- J Natl Cancer Inst. 1995 Mar 1;87(5):348-53.
- Comment in:
- J Natl Cancer Inst. 1995 Mar 1;87(5):331-2.
Inhibition of spontaneous metastasis in a rat prostate cancer model by oral administration of modified citrus pectin.
Pienta KJ, Naik H, Akhtar A, Yamazaki K, Replogle TS, Lehr J, Donat TL, Tait L, Hogan V, Raz A.
Division of Hematology and Oncology, Wayne State University School of Medicine, Detroit, Mich.
Prostate cancer is the most common cancer diagnosed in U.S. men and
remains incurable once it has metastasized. Many stages of the
metastatic cascade involve cellular interactions mediated by cell
surface components, such as carbohydrate-binding proteins, including
galactoside-binding lectins (galectins). Modified citrus pectin
(pH-modified), a soluble component of plant fiber derived from citrus
fruit, has been shown to interfere with cell-cell interactions mediated
by cell surface carbohydrate-binding galectin-3 molecules. PURPOSE: The
aim of this study was to determine whether modified citrus pectin, a
complex polysaccharide rich in galactosyl residues, could inhibit
spontaneous metastasis of prostate adenocarcinoma cells in the rat.
METHODS: The ability of modified citrus pectin to inhibit the adhesion
of Dunning rat prostate cancer MAT-LyLu cells to rat endothelial cells
was measured by 51Cr-labeling. Modified citrus pectin inhibition of
MAT-LyLu cell anchorage-independent growth was measured by colony
formation in agarose. The presence of galectin-3 in rat MAT-LyLu cells
and human prostate carcinoma was demonstrated by immunoblotting and
immunohistochemistry. One million MAT-LyLu cells were injected
subcutaneously into the hind limb of male Copenhagen rats on day 0.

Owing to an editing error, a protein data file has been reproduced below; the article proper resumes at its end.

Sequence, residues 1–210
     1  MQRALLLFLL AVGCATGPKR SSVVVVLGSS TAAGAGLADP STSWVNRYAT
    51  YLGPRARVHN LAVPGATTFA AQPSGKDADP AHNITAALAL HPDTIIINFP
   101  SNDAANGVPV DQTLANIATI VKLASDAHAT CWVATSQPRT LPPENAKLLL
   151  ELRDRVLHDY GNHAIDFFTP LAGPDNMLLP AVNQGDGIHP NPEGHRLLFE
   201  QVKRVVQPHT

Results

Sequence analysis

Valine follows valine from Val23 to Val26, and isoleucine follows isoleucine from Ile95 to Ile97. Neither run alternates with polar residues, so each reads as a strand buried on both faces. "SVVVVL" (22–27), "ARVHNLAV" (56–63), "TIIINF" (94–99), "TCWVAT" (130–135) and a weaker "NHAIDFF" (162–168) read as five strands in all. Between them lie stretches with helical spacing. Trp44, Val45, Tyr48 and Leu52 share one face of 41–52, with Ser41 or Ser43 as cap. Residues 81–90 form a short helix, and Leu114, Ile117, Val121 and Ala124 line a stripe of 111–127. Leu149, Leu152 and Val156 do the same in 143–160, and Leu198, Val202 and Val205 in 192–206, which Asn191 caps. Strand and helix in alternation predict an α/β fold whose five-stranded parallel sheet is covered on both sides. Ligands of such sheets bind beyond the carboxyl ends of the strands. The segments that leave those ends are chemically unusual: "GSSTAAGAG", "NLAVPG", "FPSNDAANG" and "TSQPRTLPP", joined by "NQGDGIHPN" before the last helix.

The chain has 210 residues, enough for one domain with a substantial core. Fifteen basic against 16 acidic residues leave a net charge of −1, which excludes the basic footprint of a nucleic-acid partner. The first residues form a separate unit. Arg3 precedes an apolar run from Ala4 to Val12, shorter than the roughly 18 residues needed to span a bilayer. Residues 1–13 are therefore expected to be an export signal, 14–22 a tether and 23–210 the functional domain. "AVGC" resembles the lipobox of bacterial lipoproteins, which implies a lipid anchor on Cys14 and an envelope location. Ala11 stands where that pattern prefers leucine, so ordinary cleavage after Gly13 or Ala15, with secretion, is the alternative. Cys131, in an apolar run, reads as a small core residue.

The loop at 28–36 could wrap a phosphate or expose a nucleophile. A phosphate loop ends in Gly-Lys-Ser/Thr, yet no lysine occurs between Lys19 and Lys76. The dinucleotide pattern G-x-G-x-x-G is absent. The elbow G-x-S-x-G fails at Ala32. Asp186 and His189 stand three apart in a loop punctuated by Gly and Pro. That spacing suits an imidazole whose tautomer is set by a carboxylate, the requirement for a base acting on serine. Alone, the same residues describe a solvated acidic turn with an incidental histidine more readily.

Rats were given 0.0%, 0.01%, 0.1%, or 1.0% (wt/vol) modified citrus
pectin continuously in their drinking water (from day 4 until necropsy
on day 30). The number of MAT-LyLu tumor colonies in the lungs were
RESULTS: Compared with 15 or 16 control rats that had lung
metastases on day 30, seven of 14 rats in the 0.1% and nine of 16 rats
in the 1.0% modified citrus-pectin group had statistically significant
(two-sided; P < .03 and P < .001, respectively) reductions in
lung metastases. The lungs of the 1.0% modified citrus pectin-treated
rats had significantly (two-sided; P < .05) fewer metastatic
colonies than control groups (9 colonies +/- 4 [mean +/- SE] in the
control group compared with 1 colony +/- 1 in the treated group).
Modified citrus pectin had no effect on the growth of the primary
tumors. In vitro, modified citrus pectin inhibited MAT-LyLu cell
adhesion to rat endothelial cells in a time- and dose-dependent manner
as well as their colony formation in semisolid medium.
present a novel therapy in which oral intake of modified citrus pectin
acts as a potent inhibitor of spontaneous prostate carcinoma metastasis
in the Copenhagen rat. IMPLICATIONS: Further investigations are
warranted to determine the following: 1) the role of galectin-3 in
normal and cancerous prostate tissues and 2) the ability of modified
citrus pectin to inhibit human prostate metastasis in nude mice.